4. Tax credit for family & medical leave (FMLA): H.R.1 now allows eligible employers to claim a new family leave credit (IRC § 45S). Employers can claim a tax credit between 12.5% – 25% of wages the employer pays to an employee who qualifies for and uses FMLA. Discuss this with your payroll provider as the credit is short-lived;
  5. Legal costs paid to resolve some types of lawsuits, i.e. sexual harassment, are not deductible. No deduction is allowed for any settlement, payout, or attorney fees related to sexual harassment or sexual abuse if such payments are subject to a nondisclosure agreement.

Let’s take a closer look at a few changes in some of the various tax entities.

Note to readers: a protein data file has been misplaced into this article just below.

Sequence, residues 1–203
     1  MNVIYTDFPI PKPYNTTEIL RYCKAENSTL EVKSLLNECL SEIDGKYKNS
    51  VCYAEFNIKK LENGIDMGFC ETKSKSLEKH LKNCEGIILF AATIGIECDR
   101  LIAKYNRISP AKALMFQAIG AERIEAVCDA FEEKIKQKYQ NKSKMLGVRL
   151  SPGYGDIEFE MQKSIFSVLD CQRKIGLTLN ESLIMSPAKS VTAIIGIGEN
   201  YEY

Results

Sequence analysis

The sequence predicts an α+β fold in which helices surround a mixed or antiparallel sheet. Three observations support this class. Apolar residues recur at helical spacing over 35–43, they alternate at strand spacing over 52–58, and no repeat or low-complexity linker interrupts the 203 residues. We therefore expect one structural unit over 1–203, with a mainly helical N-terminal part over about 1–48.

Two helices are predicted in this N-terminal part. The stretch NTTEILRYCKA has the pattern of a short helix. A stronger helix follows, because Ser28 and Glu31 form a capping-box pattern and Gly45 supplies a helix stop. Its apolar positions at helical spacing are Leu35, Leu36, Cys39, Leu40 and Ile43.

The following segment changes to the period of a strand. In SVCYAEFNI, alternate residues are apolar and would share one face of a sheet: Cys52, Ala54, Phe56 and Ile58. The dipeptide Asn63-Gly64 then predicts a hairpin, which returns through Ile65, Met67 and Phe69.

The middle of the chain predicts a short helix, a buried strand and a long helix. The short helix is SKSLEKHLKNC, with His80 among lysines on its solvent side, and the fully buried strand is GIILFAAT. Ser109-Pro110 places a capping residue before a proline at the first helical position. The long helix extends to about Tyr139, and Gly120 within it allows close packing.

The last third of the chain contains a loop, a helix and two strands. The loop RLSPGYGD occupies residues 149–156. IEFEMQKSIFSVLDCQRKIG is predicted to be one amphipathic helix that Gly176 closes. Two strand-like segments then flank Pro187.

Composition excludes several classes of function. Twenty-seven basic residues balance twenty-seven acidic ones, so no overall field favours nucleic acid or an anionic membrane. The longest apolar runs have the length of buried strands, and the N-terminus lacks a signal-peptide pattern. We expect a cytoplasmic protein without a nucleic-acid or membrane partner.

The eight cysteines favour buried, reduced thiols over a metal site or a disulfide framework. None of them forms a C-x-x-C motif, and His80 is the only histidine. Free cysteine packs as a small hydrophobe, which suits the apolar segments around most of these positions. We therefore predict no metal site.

C- Corporation:

  • Rate reduction from 35% to 21% is relatively straight-forward.
  • Cash vs accrual accounting method. Small businesses with revenues not exceeding $25M can now choose the method of accounting preferred. Prior to the new rule, the accrual method was required for companies carrying inventory and certain entities with gross revenues over $5M.
  • Net Interest Expense is limited if your gross revenue exceeds $25M.

Pass-Through Entities (S-Corp, Partnership, LLC, Sole proprietors):

This is where the restlessness is among most business owners.

Generally there is no federal tax for these tax entities. The business income for these entities passes through from the business to individual owners. The individual is then taxed at personal income rates on Form 1040 (to see these rates, Click Here).

H.R.1 added IRC 199A to the tax code, which is a tax deduction for business owners of “pass-through” entities. H.R.1 essentially provides a 20% deduction from your taxable income (coming from the business) to these owners which includes: